Still, on the plus side you’re also very much aware that you have one more day of music left, and in this case it was a day of (almost) unadulterated awesomeness…ness. Continue reading »

Apr 092015
 

 

(Andy Synn reports on the second day of Oslo’s Inferno Festival 2015 and provides photos.  For Andy’s report on the pre-fest show last Wednesday, go here, and his report on Day One is at this location.)

If there’s a better way to kick off another day at one of the world’s best metal festivals than by seeing Goatwhore, I’d like to hear it. Big riffs, big spikes, big attitude, the band positively ooze confidence and bleed metal, smashing through their set with almost reckless abandon.

Bassist James Harvey had a bit of a rough night, truth be told, early songs rendering his bass-lines as little more than a barely audible rumble, while snapping a string part way through the set forced the band to play a few songs without him entirely. Still, they persevered like the stalwart soldiers of Satan that they are, and on his eventual return Harvey’s lurching low-end was much more prominent. Continue reading »

Apr 082015
 

 

(Andy Synn reports on the first day of Oslo’s Inferno Festival 2015 and provides photos.  For Andy’s report on the pre-fest show last Wednesday, go here.)

The first day of the festival proper began (for me at least) promptly at 6:15 when Spellemann Award-winning Death Metallers Execration took the stage.

Down and dirty, with a hint of something creepy just beneath the surface, the band’s blending of rolling, Vader/Autopsy–style death-grooves, Behemoth/Watain-esque stomp and swagger, and touches of eerie, Morbid Angel-ish atmosphere – accentuated here and there by unexpected progressive touches, flashes of surprising technicality, and an undercurrent of lurching sludge – should, by all rights, be an awkward mix. Yet somehow they make it work, taking this amalgam of sounds and using it to whip up an absolute cacophony of ugly, unrepentant nastiness that’s also as infectious as sonic syphilis. Continue reading »

Apr 072015
 

Svartidauði

 (Andy Synn took in the sights and sounds of the Inferno Festival on April 1-4, 2015, in Oslo, Norway, and this is the first of a multi-part report about his experience. Andy took the photos as well.)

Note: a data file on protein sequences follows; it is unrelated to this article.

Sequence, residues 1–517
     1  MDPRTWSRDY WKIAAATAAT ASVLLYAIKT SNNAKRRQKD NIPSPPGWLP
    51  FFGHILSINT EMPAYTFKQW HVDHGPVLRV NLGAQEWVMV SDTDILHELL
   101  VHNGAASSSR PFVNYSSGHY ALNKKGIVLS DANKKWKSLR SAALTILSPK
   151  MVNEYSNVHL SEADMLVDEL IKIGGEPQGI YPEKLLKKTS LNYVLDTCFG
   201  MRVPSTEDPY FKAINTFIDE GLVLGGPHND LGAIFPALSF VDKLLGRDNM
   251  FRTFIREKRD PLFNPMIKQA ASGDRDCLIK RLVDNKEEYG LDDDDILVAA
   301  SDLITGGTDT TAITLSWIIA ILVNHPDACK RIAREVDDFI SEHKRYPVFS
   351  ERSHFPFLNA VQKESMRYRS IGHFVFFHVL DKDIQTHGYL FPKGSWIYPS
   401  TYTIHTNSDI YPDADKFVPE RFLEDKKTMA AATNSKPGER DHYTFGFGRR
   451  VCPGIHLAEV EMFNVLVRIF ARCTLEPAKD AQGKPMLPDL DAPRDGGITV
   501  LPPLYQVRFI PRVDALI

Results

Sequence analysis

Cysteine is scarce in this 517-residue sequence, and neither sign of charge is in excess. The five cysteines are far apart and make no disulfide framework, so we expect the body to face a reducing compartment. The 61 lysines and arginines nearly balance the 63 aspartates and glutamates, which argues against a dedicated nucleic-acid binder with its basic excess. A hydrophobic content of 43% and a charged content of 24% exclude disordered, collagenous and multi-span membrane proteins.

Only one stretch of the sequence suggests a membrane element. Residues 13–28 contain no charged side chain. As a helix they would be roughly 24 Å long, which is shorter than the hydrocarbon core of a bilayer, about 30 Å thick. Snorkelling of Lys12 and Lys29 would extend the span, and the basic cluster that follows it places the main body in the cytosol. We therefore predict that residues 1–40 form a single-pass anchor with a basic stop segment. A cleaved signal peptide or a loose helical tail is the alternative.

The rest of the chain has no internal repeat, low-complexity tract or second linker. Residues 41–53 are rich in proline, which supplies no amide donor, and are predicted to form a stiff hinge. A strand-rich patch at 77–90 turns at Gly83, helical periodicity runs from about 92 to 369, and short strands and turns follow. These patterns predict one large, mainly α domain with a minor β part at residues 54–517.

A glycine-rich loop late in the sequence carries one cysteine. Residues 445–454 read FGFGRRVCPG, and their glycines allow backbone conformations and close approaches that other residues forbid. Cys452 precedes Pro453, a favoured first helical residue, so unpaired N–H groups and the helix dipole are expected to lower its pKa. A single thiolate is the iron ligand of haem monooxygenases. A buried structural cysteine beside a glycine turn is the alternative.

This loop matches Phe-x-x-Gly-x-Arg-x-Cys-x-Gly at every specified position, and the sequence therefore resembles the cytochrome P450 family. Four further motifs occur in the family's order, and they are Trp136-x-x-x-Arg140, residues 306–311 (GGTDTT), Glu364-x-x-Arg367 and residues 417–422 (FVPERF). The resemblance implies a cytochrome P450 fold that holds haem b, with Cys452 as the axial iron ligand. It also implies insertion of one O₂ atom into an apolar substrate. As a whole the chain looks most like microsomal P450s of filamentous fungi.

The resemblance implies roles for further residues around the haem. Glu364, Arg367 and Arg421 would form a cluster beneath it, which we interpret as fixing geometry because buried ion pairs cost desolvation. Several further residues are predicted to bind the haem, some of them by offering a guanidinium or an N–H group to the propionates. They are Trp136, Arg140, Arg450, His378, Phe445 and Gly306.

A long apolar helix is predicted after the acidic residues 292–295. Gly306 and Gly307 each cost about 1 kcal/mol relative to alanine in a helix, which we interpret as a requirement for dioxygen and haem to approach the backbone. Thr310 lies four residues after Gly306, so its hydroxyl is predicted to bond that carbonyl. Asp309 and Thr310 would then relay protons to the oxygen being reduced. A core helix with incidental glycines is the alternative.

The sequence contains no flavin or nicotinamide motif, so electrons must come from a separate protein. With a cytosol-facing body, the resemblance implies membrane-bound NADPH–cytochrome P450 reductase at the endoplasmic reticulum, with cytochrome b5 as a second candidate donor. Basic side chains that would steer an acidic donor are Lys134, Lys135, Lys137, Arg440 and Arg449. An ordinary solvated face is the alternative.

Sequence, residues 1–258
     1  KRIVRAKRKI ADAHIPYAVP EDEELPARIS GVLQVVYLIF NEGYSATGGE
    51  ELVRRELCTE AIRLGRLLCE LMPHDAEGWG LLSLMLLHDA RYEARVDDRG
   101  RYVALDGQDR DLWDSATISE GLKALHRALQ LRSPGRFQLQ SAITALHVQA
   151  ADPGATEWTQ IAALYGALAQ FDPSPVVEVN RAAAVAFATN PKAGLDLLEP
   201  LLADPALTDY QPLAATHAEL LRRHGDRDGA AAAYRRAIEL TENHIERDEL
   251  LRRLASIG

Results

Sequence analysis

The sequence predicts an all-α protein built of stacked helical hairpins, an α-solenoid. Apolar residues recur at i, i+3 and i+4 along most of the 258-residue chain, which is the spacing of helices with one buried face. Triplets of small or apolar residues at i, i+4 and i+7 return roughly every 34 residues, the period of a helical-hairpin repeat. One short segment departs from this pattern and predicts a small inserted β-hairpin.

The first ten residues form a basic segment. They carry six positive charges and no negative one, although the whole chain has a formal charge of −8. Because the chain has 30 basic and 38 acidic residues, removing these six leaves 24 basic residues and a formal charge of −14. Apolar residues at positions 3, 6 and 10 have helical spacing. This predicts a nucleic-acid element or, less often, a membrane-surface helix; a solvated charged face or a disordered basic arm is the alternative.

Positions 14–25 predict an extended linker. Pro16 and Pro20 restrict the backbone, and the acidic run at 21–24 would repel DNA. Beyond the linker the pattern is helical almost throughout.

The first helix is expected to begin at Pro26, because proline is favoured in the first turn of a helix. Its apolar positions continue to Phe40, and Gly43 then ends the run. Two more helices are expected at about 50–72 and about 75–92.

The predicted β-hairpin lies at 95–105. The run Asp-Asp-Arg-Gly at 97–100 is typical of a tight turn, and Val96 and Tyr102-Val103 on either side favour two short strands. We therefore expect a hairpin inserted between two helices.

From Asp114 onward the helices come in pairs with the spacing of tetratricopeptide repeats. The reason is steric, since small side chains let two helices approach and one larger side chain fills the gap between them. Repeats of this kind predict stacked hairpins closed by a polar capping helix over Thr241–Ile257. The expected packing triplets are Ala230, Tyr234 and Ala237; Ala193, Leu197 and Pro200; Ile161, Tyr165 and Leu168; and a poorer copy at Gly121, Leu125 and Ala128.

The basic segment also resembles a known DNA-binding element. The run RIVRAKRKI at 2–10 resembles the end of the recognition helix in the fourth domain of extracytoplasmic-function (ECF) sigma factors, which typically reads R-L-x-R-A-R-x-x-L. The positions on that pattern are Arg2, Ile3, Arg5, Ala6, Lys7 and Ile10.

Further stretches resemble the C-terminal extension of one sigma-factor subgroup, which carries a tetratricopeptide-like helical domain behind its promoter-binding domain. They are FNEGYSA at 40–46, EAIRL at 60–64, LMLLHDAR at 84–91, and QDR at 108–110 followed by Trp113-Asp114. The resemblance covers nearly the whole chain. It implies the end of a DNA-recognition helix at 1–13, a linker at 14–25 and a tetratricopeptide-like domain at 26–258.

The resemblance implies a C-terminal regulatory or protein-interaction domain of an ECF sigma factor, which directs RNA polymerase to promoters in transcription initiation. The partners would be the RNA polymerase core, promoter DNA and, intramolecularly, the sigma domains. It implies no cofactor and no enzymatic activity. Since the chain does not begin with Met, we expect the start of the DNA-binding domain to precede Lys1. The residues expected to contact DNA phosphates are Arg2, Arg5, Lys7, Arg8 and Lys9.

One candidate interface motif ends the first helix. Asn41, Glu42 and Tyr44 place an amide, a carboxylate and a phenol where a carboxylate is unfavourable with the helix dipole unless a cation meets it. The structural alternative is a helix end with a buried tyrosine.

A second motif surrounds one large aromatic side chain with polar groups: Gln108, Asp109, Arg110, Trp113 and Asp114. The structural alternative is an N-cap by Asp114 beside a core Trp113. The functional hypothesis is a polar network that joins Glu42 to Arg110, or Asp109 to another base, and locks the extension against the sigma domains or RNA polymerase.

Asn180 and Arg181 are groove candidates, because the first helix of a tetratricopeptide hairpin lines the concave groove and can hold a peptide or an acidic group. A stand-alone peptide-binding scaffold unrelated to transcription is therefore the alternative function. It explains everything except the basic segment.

Once again last weekend I was lucky enough to be able to attend Inferno Festival in Oslo, which this year is celebrating its 15th Anniversary, with a frankly flabbergasting line-up of bands that could almost have been hand-picked for yours truly, including some of my absolute favourites as well as a number of bands I’ve been dying to see live.

For those of you who are unaware, the Wednesday night always serves as a pre-festival “Club Night” and kick-off party, with a variety of different bands playing at different locations scattered around in relatively close proximity to the main venue. With the right pass (which, thankfully, included my fancy pink “Press” wristband) you can wander freely between the different places, picking and choosing what artists you want to see.

I decided (for reasons which will become clear) to focus my activities around the new Vulkan arena, and particularly the smaller Pokalen bar down in the lower level… Continue reading »

Apr 052013
 

(NCS writer Andy Synn has returned from Oslo’s Inferno Festival, held on March 27-30, 2013, and brings us a multi-part report of what he saw and heard, along with photos. This is the final installment. Check out the three previous parts here.)

Well here we are, the final day of the festival. With fatigue setting in (wallet-fatigue as well as physical fatigue) this was also – fortunately or unfortunately, depending on how you chose to look at it – the day with the fewest bands who I really wanted to check out.

The first band of the evening I was lucky enough to see were underground black metal legends Hades Almighty (pictured above). Though the Norwegian triumvirate describe themselves on their website as “The heaviest black metal three-piece in the world”, after seeing them live I’m far more inclined to agree with the assessment of the immortal Metal-Archives and say that the group are more of a Progressive black metal band than they are a particularly heavy one.

Their distinctly old-school vibe is coloured and individuated by twisty-turny song-structures and liberal applications of atonal, semi-melodic riffs that strangely enough put me firmly in mind of American tech-thrashers Believer. Continue reading »